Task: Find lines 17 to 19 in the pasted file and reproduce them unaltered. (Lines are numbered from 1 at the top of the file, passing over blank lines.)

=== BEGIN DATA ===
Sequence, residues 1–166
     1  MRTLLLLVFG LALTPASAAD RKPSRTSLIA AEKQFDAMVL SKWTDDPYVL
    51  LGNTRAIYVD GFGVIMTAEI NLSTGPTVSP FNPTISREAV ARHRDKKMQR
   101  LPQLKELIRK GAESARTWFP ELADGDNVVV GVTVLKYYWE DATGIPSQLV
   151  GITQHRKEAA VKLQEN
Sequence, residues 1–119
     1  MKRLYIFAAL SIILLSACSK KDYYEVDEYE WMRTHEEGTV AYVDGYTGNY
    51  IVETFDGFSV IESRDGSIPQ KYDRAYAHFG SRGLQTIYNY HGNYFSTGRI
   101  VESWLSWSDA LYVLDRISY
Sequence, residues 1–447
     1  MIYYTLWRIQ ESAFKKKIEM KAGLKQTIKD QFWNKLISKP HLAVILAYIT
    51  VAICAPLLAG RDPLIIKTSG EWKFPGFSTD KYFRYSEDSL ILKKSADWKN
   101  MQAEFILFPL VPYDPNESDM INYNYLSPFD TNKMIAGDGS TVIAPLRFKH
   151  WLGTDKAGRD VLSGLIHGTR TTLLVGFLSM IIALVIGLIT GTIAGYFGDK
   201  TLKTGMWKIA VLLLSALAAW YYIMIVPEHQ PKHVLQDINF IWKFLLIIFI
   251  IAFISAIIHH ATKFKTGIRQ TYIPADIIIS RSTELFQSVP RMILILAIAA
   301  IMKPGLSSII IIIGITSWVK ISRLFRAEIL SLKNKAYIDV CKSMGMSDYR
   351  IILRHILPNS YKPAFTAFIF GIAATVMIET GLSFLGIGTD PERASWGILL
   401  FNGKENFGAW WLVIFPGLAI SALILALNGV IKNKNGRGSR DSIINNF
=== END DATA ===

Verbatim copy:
   301  IMKPGLSSII IIIGITSWVK ISRLFRAEIL SLKNKAYIDV CKSMGMSDYR
   351  IILRHILPNS YKPAFTAFIF GIAATVMIET GLSFLGIGTD PERASWGILL
   401  FNGKENFGAW WLVIFPGLAI SALILALNGV IKNKNGRGSR DSIINNF